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abstract = "Sitting time (ST) is associated with cardiovascular disease risk factors, whereas breaking ST has been reported to be beneficial for reducing cardiovascular risk. Purpose: The objective of this study is to examine the effects of breaking ST on superficial femoral artery (SFA) endothelial function. Hypotheses: 1) Prolonged sitting would induce endothelial dysfunction and changes in shear forces, and 2) breaking ST with brief periods of activity would prevent attenuation in endothelial function. Methods: Twelve nonobese men (24.2 T 4.2 yr) participated in two randomized 3-h sitting trials. In the sitting (SIT) trial, subjects were seated on a firmly cushioned chair for 3 h without moving their lower extremities. In the breaking ST trial (ACT), subjects sat similar to the SIT trial but walked on a treadmill for 5 min at 2 mph at 30 min, 1 h 30 min, and 2 h 30 min during the sitting interval. SFA flow-mediated dilation (FMD) was assessed at baseline, 1 h, 2 h, and 3 h in each trial. Statistical analyses were performed using dependent variables SFA FMD and shear rates. Significance was set at P ≤ 0.05. Results: In the SIT trial, there was a significant decline in SFA FMD from baseline to 3 h (baseline, 4.72{\%} × 3.78{\%}; 1 h, 0.52{\%} × 0.85{\%}; 2 h, 1.66{\%} × 1.11{\%}; 3 h, 2.2{\%} × 2.15; P < 0.05 by ANOVA) accompanied by a decline in mean shear rate and antegrade shear rate but no difference in shear rate (area under the curve). By two-way repeatedmeasures ANOVA, ACT prevented the sitting-induced decline in FMD (baseline, 4.5{\%} × 2.3{\%}; 1 h, 5.04{\%} × 2.85{\%}; 2 h, 5.28{\%} × 5.05{\%}; 3 h, 6.9{\%} × 4.5{\%}) along with no decline in shear rates. Conclusion: Three hours of sitting resulted in a significant impairment in shear rate and SFA FMD. When light activity breaks were introduced hourly during sitting, the decline in FMD was prevented.",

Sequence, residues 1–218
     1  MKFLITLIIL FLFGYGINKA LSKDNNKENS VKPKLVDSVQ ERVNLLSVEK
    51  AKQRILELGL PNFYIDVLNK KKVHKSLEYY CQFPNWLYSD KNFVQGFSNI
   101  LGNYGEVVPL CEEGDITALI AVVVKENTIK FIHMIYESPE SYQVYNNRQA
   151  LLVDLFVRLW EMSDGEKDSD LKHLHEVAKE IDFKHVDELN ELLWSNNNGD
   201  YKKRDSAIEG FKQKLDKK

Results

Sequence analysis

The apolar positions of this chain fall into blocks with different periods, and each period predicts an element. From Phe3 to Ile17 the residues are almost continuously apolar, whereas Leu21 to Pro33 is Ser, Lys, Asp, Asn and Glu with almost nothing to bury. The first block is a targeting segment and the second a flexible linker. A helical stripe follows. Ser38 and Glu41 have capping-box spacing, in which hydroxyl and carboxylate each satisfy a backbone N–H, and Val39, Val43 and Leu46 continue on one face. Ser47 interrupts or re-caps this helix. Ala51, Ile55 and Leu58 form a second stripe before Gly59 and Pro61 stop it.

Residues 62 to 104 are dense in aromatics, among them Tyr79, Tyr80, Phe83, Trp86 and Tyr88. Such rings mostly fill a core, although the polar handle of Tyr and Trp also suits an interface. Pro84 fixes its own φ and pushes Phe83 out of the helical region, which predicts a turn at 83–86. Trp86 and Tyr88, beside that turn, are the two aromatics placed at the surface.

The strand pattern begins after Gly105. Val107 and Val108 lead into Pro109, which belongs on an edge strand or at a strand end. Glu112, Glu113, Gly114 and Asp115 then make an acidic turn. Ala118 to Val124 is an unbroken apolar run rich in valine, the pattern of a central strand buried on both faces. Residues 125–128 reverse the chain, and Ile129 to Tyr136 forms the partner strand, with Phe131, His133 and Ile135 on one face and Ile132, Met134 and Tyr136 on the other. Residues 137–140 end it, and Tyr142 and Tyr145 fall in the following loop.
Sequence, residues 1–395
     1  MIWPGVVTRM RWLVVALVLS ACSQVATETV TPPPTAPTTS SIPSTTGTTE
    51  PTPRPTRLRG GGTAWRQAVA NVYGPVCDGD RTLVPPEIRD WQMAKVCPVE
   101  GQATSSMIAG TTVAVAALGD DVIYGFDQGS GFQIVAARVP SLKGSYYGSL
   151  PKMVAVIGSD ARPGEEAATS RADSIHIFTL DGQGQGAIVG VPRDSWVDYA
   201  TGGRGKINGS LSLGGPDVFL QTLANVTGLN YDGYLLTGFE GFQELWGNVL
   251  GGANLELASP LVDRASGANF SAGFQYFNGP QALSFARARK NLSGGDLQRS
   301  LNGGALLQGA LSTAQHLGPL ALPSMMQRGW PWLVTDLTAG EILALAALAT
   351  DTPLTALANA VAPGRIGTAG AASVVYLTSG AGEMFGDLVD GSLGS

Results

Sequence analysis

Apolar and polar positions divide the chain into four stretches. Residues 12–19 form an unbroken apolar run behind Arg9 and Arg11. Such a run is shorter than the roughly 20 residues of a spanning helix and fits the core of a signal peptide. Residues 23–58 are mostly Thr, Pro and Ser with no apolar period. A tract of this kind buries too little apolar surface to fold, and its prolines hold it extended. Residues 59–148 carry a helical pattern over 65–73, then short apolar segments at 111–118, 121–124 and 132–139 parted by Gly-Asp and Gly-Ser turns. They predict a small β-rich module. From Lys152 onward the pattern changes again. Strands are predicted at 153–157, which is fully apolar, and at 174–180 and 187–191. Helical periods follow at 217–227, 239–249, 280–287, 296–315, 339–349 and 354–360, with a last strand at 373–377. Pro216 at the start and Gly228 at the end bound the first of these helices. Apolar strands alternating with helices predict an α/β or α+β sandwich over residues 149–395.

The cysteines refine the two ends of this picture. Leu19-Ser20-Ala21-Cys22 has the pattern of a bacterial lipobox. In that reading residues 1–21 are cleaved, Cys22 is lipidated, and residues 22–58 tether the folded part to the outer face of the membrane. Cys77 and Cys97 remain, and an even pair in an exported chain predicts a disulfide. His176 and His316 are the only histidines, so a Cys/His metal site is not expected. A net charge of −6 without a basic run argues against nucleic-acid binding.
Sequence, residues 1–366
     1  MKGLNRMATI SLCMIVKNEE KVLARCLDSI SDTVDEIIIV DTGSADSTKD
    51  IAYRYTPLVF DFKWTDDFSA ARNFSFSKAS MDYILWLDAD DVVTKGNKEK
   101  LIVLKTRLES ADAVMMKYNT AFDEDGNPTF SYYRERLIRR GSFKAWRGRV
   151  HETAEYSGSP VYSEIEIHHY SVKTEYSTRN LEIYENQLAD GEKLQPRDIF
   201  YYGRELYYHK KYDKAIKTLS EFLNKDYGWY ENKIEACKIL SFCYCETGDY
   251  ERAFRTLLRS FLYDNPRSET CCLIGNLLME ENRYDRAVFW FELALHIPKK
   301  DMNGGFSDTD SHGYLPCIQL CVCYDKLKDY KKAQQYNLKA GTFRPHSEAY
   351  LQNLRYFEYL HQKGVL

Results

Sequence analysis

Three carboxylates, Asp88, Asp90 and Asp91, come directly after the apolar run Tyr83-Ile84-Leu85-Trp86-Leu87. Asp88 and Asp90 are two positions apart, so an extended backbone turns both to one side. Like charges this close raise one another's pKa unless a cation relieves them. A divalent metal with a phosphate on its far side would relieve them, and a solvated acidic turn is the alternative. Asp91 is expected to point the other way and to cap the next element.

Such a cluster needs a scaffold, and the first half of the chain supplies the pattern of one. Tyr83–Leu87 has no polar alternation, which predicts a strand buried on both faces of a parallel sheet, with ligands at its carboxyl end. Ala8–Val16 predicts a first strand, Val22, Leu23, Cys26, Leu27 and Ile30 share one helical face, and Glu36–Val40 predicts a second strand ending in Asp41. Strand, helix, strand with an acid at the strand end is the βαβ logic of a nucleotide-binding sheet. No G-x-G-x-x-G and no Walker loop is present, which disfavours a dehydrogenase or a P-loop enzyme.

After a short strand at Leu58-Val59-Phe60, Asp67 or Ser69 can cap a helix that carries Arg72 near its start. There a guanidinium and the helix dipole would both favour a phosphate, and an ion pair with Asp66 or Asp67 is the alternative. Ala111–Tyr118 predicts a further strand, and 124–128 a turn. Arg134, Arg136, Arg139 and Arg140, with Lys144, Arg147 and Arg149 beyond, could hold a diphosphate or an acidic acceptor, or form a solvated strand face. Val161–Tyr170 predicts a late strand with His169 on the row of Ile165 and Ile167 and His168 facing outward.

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N2 - Sitting time (ST) is associated with cardiovascular disease risk factors, whereas breaking ST has been reported to be beneficial for reducing cardiovascular risk. Purpose: The objective of this study is to examine the effects of breaking ST on superficial femoral artery (SFA) endothelial function. Hypotheses: 1) Prolonged sitting would induce endothelial dysfunction and changes in shear forces, and 2) breaking ST with brief periods of activity would prevent attenuation in endothelial function. Methods: Twelve nonobese men (24.2 T 4.2 yr) participated in two randomized 3-h sitting trials. In the sitting (SIT) trial, subjects were seated on a firmly cushioned chair for 3 h without moving their lower extremities. In the breaking ST trial (ACT), subjects sat similar to the SIT trial but walked on a treadmill for 5 min at 2 mph at 30 min, 1 h 30 min, and 2 h 30 min during the sitting interval. SFA flow-mediated dilation (FMD) was assessed at baseline, 1 h, 2 h, and 3 h in each trial. Statistical analyses were performed using dependent variables SFA FMD and shear rates. Significance was set at P ≤ 0.05. Results: In the SIT trial, there was a significant decline in SFA FMD from baseline to 3 h (baseline, 4.72% × 3.78%; 1 h, 0.52% × 0.85%; 2 h, 1.66% × 1.11%; 3 h, 2.2% × 2.15; P < 0.05 by ANOVA) accompanied by a decline in mean shear rate and antegrade shear rate but no difference in shear rate (area under the curve). By two-way repeatedmeasures ANOVA, ACT prevented the sitting-induced decline in FMD (baseline, 4.5% × 2.3%; 1 h, 5.04% × 2.85%; 2 h, 5.28% × 5.05%; 3 h, 6.9% × 4.5%) along with no decline in shear rates. Conclusion: Three hours of sitting resulted in a significant impairment in shear rate and SFA FMD. When light activity breaks were introduced hourly during sitting, the decline in FMD was prevented.